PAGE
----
A Poppy
A Poppy

Memorials & Monuments
on the Isle of Wight
- CWGC Headstones -
- Brighstone St Mary the Virgin Cemetery -
- Edward Higgins -


In St Mary the Virgin Cemetery, Brighstone, Isle of Wight

Private headstone. Additional inscription.

Brighstone St Mary : Higgins
Brighstone St Mary : Higgins


Further Information CWGC record ...

Edward Higgins had previously served in HM Coastguard. According to the Isle of Wight Mercury of 13th March 1914, he had "been in the office of the Ventnor Coastguard Station for the past few years, [and] left the town yesterday, having been attached to the Coastguard at Southsea."

He was born at Charles, Devon, on 11 April 1874, and attested for service in the Royal Navy in 1892. He served with the Coastguard from 1901 to 1914 when he was re-assigned to the Royal Navy on the outbreak of the Great War.

He married Bertha Elizabeth Hawker in 1902 at St Mary's Church in Brighstone. They had 2 children.


Friday, June 9, 1916 Page 1

The casualties in the great Naval battle of May 31st include a good number of Isle of Wight men and others having relatives on the Island. We regret to hear of the death of one or two Ventnor men, and desire to express the deepest condolence with the families. Sub-Lieut. Eynon Ll. Jones, R.N.R. who went down in the Indefatigable, was the only son of Mr. and the late Mrs. Evan Jones, formerly of Trentham, Spring Gardens. Able Seaman Walter Burden, of the Queen Mary, whose name appears in the list of casualties on that ship, was the son of Mr. and Mrs. S. Burden, Longdown, Ventnor. Leading Seaman E. Higgins is supposed to have been on the Tipperary. He was a coastguard at Ventnor for several years, and had a wide circle of friends in the town. Seaman George White, son of the late Petty Officer E.G. White and of Mrs. Snow, of Temperance Cottage, Bonchurch, was killed in action in the recent Naval battle. His father was on H.M.S. Bruiser when he volunteered for special service boat's crew and was drowned at Smyrna 16 years ago. He was buried at Smyrna. Among the saved on the Queen Mary is Midshipman J.L. Storey, whose sister is the matron at Elm Dene, St. Lawrence. He spent shore leave here recently.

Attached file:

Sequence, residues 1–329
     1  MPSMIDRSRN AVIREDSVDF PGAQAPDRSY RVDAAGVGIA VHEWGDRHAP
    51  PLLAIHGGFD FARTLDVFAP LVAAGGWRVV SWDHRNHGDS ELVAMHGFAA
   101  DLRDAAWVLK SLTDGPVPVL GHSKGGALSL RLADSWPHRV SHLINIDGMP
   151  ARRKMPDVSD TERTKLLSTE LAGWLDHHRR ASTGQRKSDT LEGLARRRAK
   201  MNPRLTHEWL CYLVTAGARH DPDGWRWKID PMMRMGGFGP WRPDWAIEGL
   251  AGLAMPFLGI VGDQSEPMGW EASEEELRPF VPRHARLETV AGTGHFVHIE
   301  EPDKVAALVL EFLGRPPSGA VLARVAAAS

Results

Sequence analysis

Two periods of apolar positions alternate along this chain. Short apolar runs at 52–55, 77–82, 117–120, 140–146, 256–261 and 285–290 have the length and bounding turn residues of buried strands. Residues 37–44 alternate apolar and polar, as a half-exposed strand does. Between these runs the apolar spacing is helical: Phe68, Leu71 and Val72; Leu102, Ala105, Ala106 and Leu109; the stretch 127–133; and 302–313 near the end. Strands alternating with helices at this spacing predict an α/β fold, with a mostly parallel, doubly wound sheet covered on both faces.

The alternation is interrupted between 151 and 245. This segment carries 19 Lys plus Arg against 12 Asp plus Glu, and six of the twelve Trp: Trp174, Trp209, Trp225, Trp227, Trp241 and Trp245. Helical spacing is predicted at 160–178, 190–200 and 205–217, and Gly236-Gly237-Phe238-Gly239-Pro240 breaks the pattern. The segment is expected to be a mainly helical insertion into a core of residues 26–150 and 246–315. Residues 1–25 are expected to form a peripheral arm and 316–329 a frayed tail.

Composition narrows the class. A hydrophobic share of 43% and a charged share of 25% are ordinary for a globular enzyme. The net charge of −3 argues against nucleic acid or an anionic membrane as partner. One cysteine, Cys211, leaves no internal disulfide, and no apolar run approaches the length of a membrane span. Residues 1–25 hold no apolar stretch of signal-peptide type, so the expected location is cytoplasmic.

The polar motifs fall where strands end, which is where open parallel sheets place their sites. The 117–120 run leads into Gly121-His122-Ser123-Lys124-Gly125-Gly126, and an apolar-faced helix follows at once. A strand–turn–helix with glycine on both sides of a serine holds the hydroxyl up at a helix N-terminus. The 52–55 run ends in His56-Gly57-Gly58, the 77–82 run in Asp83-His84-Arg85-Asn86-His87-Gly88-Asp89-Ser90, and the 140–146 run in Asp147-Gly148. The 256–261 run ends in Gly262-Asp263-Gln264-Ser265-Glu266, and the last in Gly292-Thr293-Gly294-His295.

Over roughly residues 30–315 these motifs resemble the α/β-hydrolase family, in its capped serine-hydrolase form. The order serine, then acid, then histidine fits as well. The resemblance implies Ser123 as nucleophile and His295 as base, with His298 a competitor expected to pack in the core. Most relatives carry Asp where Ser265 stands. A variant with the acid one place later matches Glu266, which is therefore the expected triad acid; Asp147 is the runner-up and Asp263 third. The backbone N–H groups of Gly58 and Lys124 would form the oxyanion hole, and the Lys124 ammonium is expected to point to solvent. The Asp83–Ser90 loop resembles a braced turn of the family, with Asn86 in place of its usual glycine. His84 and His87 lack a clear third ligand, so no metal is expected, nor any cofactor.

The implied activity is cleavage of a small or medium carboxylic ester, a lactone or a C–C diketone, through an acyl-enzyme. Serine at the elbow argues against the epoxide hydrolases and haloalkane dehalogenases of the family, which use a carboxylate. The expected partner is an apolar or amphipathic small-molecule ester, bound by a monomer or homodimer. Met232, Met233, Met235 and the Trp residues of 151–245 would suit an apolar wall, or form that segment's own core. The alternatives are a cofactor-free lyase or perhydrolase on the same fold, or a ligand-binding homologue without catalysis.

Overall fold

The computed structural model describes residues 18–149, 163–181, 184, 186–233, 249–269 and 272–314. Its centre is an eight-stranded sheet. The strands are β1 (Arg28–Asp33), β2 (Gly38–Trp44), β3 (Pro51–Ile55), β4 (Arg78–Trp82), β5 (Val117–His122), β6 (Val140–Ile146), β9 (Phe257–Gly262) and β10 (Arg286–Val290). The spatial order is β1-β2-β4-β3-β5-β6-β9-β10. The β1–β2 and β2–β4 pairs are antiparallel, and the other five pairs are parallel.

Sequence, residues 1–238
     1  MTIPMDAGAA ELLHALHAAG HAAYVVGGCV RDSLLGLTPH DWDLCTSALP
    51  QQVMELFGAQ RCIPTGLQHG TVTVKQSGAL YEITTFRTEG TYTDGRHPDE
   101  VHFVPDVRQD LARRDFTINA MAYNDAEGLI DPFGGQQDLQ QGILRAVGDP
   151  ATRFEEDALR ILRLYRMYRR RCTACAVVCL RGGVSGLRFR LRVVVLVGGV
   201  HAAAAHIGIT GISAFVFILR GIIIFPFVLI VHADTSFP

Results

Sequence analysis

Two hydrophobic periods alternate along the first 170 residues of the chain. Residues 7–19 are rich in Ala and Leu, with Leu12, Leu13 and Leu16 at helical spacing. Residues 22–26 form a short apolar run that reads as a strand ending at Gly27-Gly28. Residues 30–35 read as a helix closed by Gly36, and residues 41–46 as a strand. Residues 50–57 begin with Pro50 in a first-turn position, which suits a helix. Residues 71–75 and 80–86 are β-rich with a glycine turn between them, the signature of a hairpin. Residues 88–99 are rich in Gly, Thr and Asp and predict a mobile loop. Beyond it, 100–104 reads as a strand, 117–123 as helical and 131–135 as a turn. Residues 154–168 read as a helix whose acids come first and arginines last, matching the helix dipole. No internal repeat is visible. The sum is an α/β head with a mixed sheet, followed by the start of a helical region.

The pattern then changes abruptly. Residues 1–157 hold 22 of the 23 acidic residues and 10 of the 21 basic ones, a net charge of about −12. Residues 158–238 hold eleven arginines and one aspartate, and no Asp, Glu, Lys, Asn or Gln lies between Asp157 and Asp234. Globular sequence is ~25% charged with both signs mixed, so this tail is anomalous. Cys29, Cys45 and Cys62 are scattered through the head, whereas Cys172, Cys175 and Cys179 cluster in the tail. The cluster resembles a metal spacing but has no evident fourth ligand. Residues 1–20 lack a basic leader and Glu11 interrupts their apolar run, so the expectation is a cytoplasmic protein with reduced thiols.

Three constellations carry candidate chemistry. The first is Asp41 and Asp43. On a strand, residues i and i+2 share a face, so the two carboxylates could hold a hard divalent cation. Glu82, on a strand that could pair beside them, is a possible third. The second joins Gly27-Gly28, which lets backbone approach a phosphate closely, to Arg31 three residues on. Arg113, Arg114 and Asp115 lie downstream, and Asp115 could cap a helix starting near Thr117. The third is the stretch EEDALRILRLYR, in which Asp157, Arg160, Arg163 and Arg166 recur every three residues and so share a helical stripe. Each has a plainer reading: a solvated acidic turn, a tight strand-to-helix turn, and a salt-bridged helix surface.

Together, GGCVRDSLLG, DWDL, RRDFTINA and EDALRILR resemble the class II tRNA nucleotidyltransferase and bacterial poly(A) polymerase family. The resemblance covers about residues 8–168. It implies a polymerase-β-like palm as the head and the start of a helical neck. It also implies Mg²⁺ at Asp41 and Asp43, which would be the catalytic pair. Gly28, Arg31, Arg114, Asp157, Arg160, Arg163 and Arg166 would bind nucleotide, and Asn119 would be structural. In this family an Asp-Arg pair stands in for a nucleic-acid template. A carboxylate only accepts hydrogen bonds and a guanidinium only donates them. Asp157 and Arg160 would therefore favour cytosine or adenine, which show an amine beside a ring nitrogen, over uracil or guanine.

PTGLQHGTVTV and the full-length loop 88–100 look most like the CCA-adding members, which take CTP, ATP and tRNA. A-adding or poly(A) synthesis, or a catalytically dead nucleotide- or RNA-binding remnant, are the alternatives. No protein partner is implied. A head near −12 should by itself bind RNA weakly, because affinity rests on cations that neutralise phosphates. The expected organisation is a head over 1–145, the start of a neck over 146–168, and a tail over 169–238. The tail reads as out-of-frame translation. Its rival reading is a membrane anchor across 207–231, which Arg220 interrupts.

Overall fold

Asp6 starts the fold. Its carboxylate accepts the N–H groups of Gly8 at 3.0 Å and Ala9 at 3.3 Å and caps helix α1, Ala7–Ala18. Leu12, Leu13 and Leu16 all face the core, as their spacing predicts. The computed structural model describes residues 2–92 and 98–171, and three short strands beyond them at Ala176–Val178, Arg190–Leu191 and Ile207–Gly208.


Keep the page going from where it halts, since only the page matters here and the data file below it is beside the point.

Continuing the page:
Friday, June 16, 1916 Page 1

The name of Leading Seaman E. Higgins was on Monday included in the official list of those lost on H.M.S. Tipperary. As we stated last week, Mr. Higgins was attached to the Coastguard at Ventnor for several years. He was a frequent singer at local social gatherings and much respected for his generosity of character and good nature. The deepest sympathy has been extended to his young wife and family.


Edward Higgins was born in Plymouth in 1873 and joined the Navy in 1887. On completing his training he went to Australia and the South Seas, and later Galapagos, just two of many voyages. By 1901 he was an Able Boatman and was eligible to take the option of entering the Coastguard Service.